Math and Logic
You don't need a textbook or curriculum at first. Incorporate math skills into your routine by counting dinner plates and silverware, measuring the dog's food, cutting sandwiches into halves and fourths, picking out shapes in signs and so on. You can also play games (computer, board, card, or whatever you like). If you desire, you can get a simple math workbook at Costco or Sam's Club—no need to spend a fortune to teach the basics. A workbook like this will only take 15 minutes or so a day and won't take over your life like some expensive curricula.
Once the child has mastered the basic math facts, calendar and telling time, you can move in to a regular math textbook such as Saxon 54 or some other curriculum. I have several popular ones listed below along with a lot of fun activities. If you feel you aren't very good at math yourself and need help teaching your child(ren), you might look into MathUSee which are math lessons given by a teacher on videos, or DIVE into math which are math lessons given by a teacher on CDROM using the Saxon math books.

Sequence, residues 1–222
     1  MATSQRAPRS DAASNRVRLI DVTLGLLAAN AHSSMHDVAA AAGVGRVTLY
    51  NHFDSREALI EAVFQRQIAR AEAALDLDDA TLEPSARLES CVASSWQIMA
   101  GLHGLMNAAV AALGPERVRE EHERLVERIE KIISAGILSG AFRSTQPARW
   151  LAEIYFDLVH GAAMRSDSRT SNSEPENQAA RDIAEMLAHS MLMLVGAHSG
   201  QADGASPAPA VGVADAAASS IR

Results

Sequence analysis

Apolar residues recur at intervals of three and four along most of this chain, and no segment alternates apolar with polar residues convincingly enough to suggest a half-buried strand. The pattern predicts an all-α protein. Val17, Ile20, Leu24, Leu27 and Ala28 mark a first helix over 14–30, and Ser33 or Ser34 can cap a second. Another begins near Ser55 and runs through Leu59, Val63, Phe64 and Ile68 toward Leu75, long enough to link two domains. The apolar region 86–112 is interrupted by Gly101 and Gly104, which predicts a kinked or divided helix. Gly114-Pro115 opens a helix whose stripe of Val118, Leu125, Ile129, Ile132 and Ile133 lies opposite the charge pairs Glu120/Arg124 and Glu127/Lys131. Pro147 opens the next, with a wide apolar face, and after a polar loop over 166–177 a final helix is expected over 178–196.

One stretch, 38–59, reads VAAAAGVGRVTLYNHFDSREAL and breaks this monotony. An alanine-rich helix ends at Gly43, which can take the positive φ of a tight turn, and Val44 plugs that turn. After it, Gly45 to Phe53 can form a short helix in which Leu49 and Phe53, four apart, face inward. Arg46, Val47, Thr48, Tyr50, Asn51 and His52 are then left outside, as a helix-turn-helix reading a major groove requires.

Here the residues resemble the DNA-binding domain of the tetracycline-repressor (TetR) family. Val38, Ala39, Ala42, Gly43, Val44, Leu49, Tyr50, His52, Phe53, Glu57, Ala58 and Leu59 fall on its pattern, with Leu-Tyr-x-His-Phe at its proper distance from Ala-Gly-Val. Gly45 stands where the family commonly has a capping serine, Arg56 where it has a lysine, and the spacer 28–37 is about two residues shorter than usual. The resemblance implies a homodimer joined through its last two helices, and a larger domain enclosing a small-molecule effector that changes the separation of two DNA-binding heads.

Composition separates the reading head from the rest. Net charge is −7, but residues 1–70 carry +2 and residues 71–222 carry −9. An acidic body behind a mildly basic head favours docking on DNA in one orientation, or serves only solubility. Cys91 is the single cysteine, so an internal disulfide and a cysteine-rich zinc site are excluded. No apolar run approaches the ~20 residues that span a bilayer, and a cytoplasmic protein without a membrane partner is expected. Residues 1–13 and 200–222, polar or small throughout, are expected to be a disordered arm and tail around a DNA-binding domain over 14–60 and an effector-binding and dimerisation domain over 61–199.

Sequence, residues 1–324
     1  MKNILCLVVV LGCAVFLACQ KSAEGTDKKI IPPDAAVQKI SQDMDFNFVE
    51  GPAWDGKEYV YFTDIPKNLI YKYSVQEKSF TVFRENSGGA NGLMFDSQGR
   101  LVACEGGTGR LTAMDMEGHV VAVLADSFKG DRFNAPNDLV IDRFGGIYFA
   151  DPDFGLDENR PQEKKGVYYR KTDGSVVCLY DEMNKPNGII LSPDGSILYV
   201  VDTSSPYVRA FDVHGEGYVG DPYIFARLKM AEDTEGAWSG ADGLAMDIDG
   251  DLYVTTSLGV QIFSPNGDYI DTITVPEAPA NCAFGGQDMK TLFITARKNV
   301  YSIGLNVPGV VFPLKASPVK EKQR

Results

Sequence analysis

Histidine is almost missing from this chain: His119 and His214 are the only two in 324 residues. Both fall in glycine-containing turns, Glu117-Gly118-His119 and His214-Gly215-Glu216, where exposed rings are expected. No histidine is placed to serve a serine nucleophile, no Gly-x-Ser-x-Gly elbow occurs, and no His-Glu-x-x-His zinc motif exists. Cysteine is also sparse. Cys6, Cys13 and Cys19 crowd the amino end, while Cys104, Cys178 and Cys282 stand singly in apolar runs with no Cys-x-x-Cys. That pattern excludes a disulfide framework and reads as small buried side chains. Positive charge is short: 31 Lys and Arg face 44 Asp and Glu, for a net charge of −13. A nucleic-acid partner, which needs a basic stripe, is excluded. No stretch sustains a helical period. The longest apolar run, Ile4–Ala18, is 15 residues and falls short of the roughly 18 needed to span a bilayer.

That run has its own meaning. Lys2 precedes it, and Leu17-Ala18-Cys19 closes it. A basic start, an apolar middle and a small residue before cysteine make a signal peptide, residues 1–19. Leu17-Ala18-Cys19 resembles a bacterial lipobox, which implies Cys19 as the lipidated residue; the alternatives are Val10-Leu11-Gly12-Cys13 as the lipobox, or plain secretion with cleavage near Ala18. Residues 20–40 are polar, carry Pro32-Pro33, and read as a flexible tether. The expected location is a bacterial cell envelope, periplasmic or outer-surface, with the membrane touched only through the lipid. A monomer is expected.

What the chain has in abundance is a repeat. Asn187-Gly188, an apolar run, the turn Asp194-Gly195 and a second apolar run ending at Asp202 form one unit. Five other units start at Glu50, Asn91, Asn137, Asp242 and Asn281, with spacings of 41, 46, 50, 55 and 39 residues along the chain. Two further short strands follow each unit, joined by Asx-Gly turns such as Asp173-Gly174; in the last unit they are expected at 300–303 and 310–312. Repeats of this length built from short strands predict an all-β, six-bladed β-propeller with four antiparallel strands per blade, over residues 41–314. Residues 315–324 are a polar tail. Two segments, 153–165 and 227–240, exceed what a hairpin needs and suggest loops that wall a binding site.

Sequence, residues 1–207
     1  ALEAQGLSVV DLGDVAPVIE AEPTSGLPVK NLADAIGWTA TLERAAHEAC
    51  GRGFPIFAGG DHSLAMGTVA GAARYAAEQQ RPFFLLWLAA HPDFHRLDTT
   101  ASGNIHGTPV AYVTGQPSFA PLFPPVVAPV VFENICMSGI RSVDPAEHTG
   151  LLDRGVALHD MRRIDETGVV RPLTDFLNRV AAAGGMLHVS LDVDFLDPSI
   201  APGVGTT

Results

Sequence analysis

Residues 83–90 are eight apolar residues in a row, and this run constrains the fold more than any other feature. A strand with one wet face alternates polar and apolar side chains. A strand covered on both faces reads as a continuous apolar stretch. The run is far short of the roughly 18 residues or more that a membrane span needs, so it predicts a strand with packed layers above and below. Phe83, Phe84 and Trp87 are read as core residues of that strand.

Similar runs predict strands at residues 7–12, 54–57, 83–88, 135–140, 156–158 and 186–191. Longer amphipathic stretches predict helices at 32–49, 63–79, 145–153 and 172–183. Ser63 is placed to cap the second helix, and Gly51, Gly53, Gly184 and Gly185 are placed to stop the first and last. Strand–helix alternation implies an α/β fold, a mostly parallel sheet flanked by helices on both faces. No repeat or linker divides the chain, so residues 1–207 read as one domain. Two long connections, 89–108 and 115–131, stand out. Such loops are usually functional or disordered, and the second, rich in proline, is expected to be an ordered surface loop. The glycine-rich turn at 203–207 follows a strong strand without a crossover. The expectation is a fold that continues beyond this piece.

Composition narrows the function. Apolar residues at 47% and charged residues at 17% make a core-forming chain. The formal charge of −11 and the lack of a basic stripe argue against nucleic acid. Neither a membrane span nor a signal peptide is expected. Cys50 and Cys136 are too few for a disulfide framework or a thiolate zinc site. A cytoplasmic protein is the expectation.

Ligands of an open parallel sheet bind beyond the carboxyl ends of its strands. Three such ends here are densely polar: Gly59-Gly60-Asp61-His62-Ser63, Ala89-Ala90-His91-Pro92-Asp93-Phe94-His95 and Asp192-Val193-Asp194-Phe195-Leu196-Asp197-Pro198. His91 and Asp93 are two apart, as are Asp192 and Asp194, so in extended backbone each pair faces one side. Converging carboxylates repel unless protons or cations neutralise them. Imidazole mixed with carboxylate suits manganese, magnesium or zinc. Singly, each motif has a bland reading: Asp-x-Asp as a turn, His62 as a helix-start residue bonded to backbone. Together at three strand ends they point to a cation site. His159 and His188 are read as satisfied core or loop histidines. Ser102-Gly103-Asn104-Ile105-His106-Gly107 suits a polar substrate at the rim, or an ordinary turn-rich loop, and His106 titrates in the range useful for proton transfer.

Whatever Happened to Penny Candy? is a great introduction to economics that can be read with preteens learning about money. The Boy Scouts have a few applicable merit badges, also. High school students and adults wanting to know more about economics should try Basic Economics By Thomas Sowell.
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